Sen. John McCain, R-Ariz., left, Republican presidential candidate Sen. Lindsey Graham, center and former Sen. Joe Lieberman, I-Conn., right, arrive on stage at a town hall meeting at the 3 West Club to launch Graham's “No Nukes for Iran” tour Monday, July 20, 2015, in New York. (AP Photo/Kevin Hagen)
Sen. John McCain, R-Ariz., left, Republican presidential candidate Sen. Lindsey Graham, center and former Sen. Joe Lieberman, I-Conn., right, arrive on stage at a town hall meeting to launch Graham’s “No Nukes for Iran” tour Monday, July 20, 2015, in New York. (AP Photo/Kevin Hagen)

(This post has been updated.)

Almost-vice president (ah, but for those hanging chads) Joe Lieberman found a new purpose this week right in his wheelhouse.

The former U.S. senator, a foreign policy hawk Democrat turned Independent who was always one of Israel’s most loyal friends on Capitol Hill, signed on to lead an effort to “educate and inform the American public regarding the serious shortcomings of the Iran nuclear deal,” according to a press release.

But Lieberman only got the job because the current chairman of United Against Nuclear Iran had to step down. Why? Because you can’t run an organization that’s against something that you’re actually for.

Yes, somewhere along the way, Gary Samore decided the deal the Obama administration inked with Iran turned out to be a pretty decent one. He has written that it doesn’t end the threat, but it does buy time for the U.S. to keep pressing for change in Iran.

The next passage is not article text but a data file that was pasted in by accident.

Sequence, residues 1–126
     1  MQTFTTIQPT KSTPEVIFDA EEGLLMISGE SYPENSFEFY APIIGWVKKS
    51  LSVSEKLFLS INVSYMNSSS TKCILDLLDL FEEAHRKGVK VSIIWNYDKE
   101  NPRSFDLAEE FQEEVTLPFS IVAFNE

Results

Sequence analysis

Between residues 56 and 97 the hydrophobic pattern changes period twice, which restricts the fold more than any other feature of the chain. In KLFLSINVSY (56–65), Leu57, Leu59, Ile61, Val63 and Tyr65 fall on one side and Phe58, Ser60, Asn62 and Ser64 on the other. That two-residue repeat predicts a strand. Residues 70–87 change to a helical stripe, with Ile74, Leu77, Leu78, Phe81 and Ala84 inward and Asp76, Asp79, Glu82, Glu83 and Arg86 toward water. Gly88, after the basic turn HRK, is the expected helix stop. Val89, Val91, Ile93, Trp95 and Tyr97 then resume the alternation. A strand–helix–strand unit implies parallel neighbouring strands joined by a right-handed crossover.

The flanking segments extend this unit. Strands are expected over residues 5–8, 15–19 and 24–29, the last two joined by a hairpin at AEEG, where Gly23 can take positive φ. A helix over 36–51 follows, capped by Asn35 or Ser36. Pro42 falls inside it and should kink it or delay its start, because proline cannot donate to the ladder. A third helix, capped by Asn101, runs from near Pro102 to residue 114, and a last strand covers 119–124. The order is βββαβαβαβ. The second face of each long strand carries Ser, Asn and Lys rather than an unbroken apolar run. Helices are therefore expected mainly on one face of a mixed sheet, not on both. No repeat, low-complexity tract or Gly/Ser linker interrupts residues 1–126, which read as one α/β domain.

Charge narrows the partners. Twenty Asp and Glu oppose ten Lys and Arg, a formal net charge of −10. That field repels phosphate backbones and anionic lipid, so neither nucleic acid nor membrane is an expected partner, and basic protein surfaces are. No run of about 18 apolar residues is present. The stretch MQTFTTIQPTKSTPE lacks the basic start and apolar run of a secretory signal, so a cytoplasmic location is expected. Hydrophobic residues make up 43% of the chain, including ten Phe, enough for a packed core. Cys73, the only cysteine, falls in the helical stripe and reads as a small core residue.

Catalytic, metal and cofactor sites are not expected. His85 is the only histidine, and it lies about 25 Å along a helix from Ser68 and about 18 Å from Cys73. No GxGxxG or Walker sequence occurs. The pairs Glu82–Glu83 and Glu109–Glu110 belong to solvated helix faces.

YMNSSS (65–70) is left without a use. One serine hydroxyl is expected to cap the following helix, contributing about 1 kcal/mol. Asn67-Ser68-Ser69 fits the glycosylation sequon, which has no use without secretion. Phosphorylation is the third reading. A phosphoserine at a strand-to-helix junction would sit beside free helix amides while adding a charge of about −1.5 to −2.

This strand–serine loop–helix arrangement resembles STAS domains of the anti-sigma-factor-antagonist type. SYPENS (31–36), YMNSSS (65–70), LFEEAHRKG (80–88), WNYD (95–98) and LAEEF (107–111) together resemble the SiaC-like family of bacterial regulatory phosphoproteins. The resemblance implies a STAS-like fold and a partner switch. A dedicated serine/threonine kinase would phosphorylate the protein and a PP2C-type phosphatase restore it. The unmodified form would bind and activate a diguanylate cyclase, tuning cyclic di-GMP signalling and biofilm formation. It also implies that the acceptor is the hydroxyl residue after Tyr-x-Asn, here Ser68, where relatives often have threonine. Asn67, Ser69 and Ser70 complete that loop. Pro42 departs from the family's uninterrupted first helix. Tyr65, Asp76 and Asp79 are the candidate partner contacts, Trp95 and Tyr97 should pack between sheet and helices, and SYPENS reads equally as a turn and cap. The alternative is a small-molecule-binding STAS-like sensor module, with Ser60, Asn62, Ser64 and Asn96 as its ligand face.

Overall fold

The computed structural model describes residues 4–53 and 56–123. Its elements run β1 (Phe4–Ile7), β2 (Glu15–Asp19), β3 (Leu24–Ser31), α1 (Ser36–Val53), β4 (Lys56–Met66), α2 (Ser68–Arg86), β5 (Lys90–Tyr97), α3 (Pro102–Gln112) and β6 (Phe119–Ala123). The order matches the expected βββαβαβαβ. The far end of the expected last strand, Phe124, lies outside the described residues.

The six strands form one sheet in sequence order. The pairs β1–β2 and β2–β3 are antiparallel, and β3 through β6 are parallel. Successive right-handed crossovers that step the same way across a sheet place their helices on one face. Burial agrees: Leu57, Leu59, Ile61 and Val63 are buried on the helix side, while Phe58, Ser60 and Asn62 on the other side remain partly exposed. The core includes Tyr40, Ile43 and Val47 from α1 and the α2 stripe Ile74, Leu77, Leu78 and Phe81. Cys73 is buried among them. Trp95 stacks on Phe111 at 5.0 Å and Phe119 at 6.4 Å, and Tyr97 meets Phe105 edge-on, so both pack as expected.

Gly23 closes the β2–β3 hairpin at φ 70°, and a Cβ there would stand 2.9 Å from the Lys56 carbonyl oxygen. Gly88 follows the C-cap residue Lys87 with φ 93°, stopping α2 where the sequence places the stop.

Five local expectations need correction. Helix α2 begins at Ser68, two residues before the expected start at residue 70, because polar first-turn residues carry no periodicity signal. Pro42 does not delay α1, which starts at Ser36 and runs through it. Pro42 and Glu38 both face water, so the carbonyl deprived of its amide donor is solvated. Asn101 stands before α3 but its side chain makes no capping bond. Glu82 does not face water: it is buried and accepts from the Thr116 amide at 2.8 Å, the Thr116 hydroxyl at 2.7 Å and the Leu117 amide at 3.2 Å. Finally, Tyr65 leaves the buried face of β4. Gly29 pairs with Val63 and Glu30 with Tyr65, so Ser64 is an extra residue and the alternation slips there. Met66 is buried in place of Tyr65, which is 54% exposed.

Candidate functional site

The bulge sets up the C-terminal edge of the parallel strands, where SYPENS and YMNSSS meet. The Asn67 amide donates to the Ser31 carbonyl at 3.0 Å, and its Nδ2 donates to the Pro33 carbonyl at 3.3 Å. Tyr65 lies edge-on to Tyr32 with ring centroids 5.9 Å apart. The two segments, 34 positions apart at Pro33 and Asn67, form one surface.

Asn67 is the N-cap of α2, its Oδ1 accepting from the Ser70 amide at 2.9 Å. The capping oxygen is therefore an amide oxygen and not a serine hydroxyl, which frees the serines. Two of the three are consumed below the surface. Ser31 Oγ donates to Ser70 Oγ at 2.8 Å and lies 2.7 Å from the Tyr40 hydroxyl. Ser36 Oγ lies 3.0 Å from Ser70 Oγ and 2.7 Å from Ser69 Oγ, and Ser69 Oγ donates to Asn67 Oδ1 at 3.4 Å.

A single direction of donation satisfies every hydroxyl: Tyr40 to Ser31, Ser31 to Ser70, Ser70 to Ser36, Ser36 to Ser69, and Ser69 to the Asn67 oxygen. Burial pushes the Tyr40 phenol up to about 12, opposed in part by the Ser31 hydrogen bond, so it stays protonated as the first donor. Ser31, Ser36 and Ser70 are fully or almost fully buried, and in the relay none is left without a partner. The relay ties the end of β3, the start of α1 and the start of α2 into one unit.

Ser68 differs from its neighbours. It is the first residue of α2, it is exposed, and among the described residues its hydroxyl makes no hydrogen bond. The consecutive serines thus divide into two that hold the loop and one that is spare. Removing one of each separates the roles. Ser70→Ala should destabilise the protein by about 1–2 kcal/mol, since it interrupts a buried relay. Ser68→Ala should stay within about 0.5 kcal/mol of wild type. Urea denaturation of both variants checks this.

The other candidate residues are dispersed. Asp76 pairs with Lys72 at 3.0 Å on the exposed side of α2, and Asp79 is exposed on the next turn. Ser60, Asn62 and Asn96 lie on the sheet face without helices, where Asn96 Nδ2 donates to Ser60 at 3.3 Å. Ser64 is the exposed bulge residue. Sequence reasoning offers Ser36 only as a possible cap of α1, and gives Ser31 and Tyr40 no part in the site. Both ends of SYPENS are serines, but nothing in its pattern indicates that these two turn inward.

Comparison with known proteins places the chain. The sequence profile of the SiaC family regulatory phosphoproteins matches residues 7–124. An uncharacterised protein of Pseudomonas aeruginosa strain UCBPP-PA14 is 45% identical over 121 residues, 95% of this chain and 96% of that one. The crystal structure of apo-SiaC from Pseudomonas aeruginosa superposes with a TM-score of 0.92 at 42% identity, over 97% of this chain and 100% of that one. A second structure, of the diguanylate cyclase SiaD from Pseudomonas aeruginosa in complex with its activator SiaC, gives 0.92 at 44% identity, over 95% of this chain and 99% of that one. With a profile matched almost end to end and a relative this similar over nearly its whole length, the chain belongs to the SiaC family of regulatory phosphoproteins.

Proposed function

Samore previously served as President Obama’s weapons of mass destruction czar.

“While concerned with many provisions of the Iran deal, Gary ultimately supports the agreement and is stepping down to avoid any conflict with UANI’s work in opposition to the agreement,” the group’s CEO Mark D. Wallace said in a statement.

That’s probably a pretty significant conflict of interest.

Samore said he still has “reservations” about the deal, but if diplomacy is the tool at hand, and not military force, this is probably the best temporary outcome.

He said a number of U.S. senators have reached out privately to get his take on it. He described those conversations as thoughtful and engaging, but at the end of the day suspects any vote will be made because of politics not foreign policy. (Also of note, it’s been reported that GOP rainmaker Sheldon Adelson is a major donor to the United Against Nuclear Iran group.)

“If one or two Republicans come out in public support I’ll be surprised, though (some GOP senators) are privately inclined to, or at at least not disapprove it,” Samore said. “In Washington I don’t know if balanced reason has much place … It’s not the best way to conduct foreign policy but I guess everyone can declare victory.”

Well, as the group undergoes its anti-nuclear deal campaign, Lieberman is certainly a safe bet to lead it. There’s no chance he’s having a change of heart with Israel, best buds John McCain and Lindsey Graham, and now even Chuck Schumer all against it.

Here's what's in the Iran nuclear deal, and what happens next. (Gillian Brockell and Julio C. Negron/The Washington Post)